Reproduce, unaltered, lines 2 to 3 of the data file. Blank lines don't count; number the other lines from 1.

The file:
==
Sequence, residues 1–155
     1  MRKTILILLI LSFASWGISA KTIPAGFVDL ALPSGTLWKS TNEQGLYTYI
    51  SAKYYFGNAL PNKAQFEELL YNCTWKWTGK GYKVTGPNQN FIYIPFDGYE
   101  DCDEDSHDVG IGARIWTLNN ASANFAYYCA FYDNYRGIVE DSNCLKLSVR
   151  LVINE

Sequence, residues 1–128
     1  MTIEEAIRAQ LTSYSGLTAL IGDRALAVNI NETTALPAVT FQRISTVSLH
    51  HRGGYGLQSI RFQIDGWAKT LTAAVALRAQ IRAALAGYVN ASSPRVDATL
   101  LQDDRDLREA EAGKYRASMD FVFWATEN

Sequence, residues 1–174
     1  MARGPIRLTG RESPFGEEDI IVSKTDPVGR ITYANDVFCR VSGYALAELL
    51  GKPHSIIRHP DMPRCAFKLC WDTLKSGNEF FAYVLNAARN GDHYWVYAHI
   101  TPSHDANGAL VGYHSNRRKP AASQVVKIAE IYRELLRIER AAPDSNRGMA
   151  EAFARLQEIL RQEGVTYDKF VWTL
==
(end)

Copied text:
     1  MRKTILILLI LSFASWGISA KTIPAGFVDL ALPSGTLWKS TNEQGLYTYI
    51  SAKYYFGNAL PNKAQFEELL YNCTWKWTGK GYKVTGPNQN FIYIPFDGYE